Ruth Landers plucks a few dead leaves from an otherwise flourishing garden of a variety of greens — garlic, lettuce, spinach, sugar snap peas, English peas — and a burst of deep purple with Scottish Kale.
“And onions,” Landers said, forgetting momentarily to mention the onions growing along the edge of her community garden bed. It’s a snapshot of springtime in the middle of lower 40-degree temperatures and a biting wind.
“I love winter gardening or cool season gardening,” the master gardener said.
Landers, a parishioner at Immaculate Conception Church in North Little Rock, is one of a handful of winter gardeners who take advantage of the St. Joseph Center of Arkansas community garden beds all year long.
Throughout the last couple of years, the center in North Little Rock has grown naturally — more community garden beds, establishing a farm stand, unheated greenhouses called high tunnels, a pollinator garden, bee hives and more livestock. The changes have lived up to the nonprofit’s tagline — farm life, city living.
“It’s important for city kids to have some concept of where their food comes from — how it’s grown and to incorporate nutritious food in their diets. I have yet to meet a kid not willing to at least try something they’ve helped grow,” said Sandy DeCoursey, executive director of the nonprofit established in 2008.
In 2010, the Diocese of Little Rock signed a 50-year lease to the organization to allow the nonprofit to use the 56,000-square-foot historic building and 63-acre property, once an orphanage and later daycare ran by the Benedictine sisters of St. Scholastica.
There were 10 community garden beds established at the center in 2013, thanks to a $5,000 grant from North Little Rock’s Fit2Live Initiative. With more Fit2Live grants each year came more garden beds, bringing the total to 32 this year, with hopes to add 10 more this spring as there’s currently a waiting list for the gardens, DeCoursey said.
For $50 a year, gardeners receive their own garden bed, water, compost, tools and greenhouse space, and seedlings are shared among participants. In order to fulfill grant requirements, gardeners also must document volunteer times and maintain harvest logs. The gardens are open during daylight hours.
Only about three to four gardeners choose to brave the changing weather in the winter, growing crops like greens, beets, carrots and herbs.
“I think winter gardening is an amazing process that allows you to have nice fresh vegetables throughout the winter,” DeCoursey said, adding, “In Arkansas winter gardens are definitely possibilities. If you’re willing to put on covers when needed, it’s amazing what you can uncover in the spring.”
Landers, who along with her husband Scott were instrumental in building the garden beds, admitted that while garden supplies are advertised and marketed for the spring and summer, there are plenty of benefits to gardening in the cold.
“I’m not fighting the bugs as much,” or the sweltering Arkansas summer sun, she said. “You have a lot of fungal diseases when it’s hot, wet and moist. Winter gardening is more forgiving.”
Though most of the garden beds are reserved for private use, one is used for demonstrations, while another is known as the Hunger Relief Garden. In 2015, the center partnered with the nonprofit Arkansas Hunger Relief Alliance and has since donated more than 10,000 pounds of fresh produce to the Arkansas Food Bank.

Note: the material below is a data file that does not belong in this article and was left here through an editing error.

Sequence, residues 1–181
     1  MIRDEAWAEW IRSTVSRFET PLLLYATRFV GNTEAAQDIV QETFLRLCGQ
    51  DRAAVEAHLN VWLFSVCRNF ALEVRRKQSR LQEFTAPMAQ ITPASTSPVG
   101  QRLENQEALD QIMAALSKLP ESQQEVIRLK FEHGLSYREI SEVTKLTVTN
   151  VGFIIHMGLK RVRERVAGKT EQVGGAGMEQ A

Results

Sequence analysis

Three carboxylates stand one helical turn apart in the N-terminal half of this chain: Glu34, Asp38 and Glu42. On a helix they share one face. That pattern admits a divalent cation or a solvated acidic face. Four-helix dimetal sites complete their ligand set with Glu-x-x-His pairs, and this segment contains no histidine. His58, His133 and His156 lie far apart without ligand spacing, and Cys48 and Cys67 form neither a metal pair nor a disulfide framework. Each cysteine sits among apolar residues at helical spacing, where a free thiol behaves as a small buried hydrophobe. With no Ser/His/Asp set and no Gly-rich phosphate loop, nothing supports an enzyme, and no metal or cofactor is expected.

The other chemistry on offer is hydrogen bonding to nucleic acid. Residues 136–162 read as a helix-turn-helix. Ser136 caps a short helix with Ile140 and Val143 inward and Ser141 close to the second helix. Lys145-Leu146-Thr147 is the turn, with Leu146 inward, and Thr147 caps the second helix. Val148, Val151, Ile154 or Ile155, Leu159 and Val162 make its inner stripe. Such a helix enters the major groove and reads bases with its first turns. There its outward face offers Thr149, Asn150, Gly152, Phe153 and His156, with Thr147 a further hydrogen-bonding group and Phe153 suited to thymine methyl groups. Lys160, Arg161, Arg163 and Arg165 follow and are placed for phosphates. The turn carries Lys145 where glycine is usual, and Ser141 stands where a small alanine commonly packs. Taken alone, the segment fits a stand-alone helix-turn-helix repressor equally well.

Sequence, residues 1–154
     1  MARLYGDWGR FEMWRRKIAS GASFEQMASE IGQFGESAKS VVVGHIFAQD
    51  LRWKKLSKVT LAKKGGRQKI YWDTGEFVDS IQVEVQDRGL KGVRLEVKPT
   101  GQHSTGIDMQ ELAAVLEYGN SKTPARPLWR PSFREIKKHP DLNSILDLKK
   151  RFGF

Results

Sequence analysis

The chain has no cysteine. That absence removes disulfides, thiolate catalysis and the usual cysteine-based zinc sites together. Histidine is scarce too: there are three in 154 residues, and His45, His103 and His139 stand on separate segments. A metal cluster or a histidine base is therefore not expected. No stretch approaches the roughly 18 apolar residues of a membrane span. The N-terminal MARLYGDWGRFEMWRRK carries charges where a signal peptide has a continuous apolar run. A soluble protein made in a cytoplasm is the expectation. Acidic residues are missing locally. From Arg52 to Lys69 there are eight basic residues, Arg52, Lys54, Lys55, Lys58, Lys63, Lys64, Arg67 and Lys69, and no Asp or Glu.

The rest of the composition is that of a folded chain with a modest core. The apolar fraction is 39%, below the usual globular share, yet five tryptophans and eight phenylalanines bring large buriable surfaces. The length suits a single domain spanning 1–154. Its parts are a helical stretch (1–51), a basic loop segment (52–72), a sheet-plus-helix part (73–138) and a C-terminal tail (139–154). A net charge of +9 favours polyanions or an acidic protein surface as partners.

Beside plant life, bees swarm 12 hives in the St. Joseph Apiary, established by the Landers in 2016. Butterflies gently flutter in the Blessed Bee and Butterfly Pollinator Garden, created in 2017 along with the Arkansas Master Naturalists, and funded with a North Little Rock beautification grant. DeCoursey said it was recognized in 2018 as an official Monarch Waystation.
Goats, sheep, chickens and ducks keep the 63-acre property alive with activity, in addition to the cattle that roam the farmland.
In addition to the greenhouse, three 30-by-96-foot high tunnels — unheated, covered hoop-shaped structures that help extend growing seasons — were constructed thanks to a grant from the Department of Agriculture Natural Resources Conservation Service for urban farming in 2017. Two farmers were hired and raise the produce, which has gone to local restaurants and food networks, and will also be sold at the Farm Stand.
Each tunnel includes seven, 90-foot long beds filled with various crops, including lettuce, beets, broccoli, kale and even strawberries, which typically aren’t ready until April.
This will be the Farm Stand’s fifth season, open from May to October. From 8 a.m. to noon each Saturday, buyers can buy produce from more than 20 businesses and farms, DeCoursey said. The stand is run by volunteers and money raised goes toward the preservation of St. Joseph Center.
“We feel the Farm Stand is not just a great source for locally grown produce, but an opportunity to meet new people, a source for community gatherings,” DeCoursey said.
New ideas are in the works, including opening more than one day a week, longer afternoon hours, opportunities to feed the cattle and to learn about life on the farm.
“I just think it’s a really great experience to come out to the farm and experience people, wander through the gardens, feed the animals. It’s a slower-paced environment,” she said.
For more information about volunteering, donating or a community garden bed, call (501) 993-4560, email or visit stjosephcenter.org.
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